Or perhaps Rankin means Coffee Basics, where beans are roasted in what was once the crematorium of the old Castlemaine hospital. "No, I've never felt any bad vibes here," says Elna Schaerf-Trauner, whose husband, Edmund Schaerf, is off distributing their coffee around the state. "We had someone in here to smudge it," she adds, waving her arms around to demonstrate the purifying ritual. There's nothing institutional about breakfast and lunch here: the extravagant sausages and cakes reflect the couple's Austrian heritage, and the sourdough bread supplied by their neighbours at Sprout Bakery is a local legend.
What the Stekerhofs, the Sartori-Gaiottos, the Schaerf-Trauners and so many others in Castlemaine have in common is a past in the city, a future in a vibrant country town, and a passion for doing a small thing exquisitely and generously: a croissant, an espresso, some roasted arabica beans.
Hotelier John Ganci is a renaissance man working on a larger scale: his Empyre Hotel is aptly named. He purchased the 1860 Albion Hotel building - "unloved was the best way to describe it" - in 2003, and set about creating the new landmark. "I gave up my career as an advertising photographer to supervise the renovation, which took a year and a half, and then I spent the next six months painting the entire hotel and tiling all the bathrooms," he says. "I've always been a hands-on person."
The realisation of Ganci's vision is formal. The grosgrain-trimmed bed linen is Italian, the antique furniture French-polished, the wallpaper in the main dining room original Anaglypta from the 1870s. Yet I feel cared-for here in the hands of Ganci and his attentive staff. The Empyre is a living hotel, not a period piece.
The same is true of another hotel two blocks west. When Hayden Winch took over the Criterion Hotel in late 2009, it had such a reputation for biffo it was known as the Swinging Arms. Reborn as the Public Inn, "it's based on the idea of a public house, almost a lounge room of the community," Winch says. "Having said that, it's not a front bar with a TAB and the footy on in the corner." The timber tables have been sandblasted at a local foundry to bring out the grain in the oregon, and the menu, too, offers textures well beyond a rural pub's remit. The wine offering - a wall of barrels from which pours are available in three sizes, complemented by an excellent list - is one of the most interesting in town.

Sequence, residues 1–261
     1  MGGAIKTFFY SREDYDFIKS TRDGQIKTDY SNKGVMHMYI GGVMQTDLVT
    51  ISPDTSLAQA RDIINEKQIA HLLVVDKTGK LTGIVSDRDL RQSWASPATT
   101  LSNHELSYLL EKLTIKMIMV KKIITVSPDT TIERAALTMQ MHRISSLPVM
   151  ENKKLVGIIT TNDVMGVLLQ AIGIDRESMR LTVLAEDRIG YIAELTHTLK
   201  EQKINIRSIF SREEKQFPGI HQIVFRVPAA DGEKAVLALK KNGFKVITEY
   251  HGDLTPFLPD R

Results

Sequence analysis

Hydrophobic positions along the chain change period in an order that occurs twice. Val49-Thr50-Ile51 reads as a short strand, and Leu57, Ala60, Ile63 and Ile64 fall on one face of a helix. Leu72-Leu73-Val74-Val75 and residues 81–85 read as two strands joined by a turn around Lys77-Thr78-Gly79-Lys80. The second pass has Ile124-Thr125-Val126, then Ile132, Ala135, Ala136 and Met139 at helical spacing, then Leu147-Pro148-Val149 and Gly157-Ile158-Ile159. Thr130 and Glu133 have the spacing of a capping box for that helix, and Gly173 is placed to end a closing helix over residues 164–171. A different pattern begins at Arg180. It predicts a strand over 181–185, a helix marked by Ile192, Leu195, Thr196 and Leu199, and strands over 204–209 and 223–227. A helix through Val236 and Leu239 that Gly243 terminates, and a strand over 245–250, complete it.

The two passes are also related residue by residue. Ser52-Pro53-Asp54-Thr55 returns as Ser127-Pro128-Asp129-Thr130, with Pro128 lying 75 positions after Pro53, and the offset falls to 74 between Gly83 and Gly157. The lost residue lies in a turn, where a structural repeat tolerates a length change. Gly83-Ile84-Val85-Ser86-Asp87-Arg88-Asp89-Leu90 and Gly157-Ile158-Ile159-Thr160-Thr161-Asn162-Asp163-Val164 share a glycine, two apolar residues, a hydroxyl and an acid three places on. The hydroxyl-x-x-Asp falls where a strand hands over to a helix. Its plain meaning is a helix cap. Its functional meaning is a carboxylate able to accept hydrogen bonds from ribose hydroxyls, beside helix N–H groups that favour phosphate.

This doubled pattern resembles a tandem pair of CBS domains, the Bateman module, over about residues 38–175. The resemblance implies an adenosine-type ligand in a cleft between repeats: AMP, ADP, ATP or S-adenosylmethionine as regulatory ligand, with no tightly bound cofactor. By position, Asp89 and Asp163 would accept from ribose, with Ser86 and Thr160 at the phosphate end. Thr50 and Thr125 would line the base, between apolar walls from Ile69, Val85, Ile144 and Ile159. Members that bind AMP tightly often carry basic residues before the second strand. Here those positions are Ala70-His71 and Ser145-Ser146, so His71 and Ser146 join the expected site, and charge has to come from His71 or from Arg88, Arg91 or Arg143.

For Castlemaine's most outstanding food, though, it's back to The Good Table, where chef Alex Perry draws on all his experience at Melbourne's Café di Stasio and MoVida in cooking small plates designed for sharing. His smoked eel terrine is richly flavoured and makes the best of Castlemaine's landlocked location (the eel is from nearby Skipton). He melts Holy Goat fromage frais over cauliflower and serves it with dukkah; he simmers sago with cinnamon and serves it cold, unmoulded, with a delicate Granny Smith sorbet. The confidence, accomplishment and timeliness of his menu and his cooking would be impressive in Sydney, Melbourne, Brisbane or Perth; here in his home town, it stands out like nuggets of gold in an alluvial field.
And when it comes to the difficulty of finding good staff in a small town, Perry has a trick under his toque. "I do help out on the odd occasion as what they call a dish-pig," says Alex's dad, Peter Perry. Perry senior happens to be the longest-serving director of any public art gallery in Australia: he's held the position at the Castlemaine Art Gallery since 1976, well before Perry junior was born. So how's his performance as a dishwasher? "He does very well," says Alex Perry.
His dad, in turn, is full of admiration for the effect his son and tree-changers of the same generation have had on the region. "The energy of these young people coming back, wanting to have this lifestyle - there's been a new energy, not just in the visual arts," says Perry senior.
Over in Kyneton, another statesman of the central Victorian arts community has also noticed a passing of the baton. Silversmith Dan Flynn, 54, is hardly an emerging artist: he and and his brother John Flynn, 56, have been commissioned to create works for Buckingham Palace and the Vatican. "Piper Street has finally hit its straps," Dan says. "And Annie Smithers has been the lynchpin." He pauses, then revises. "It's female-driven. It's all strong females. It just hit me then."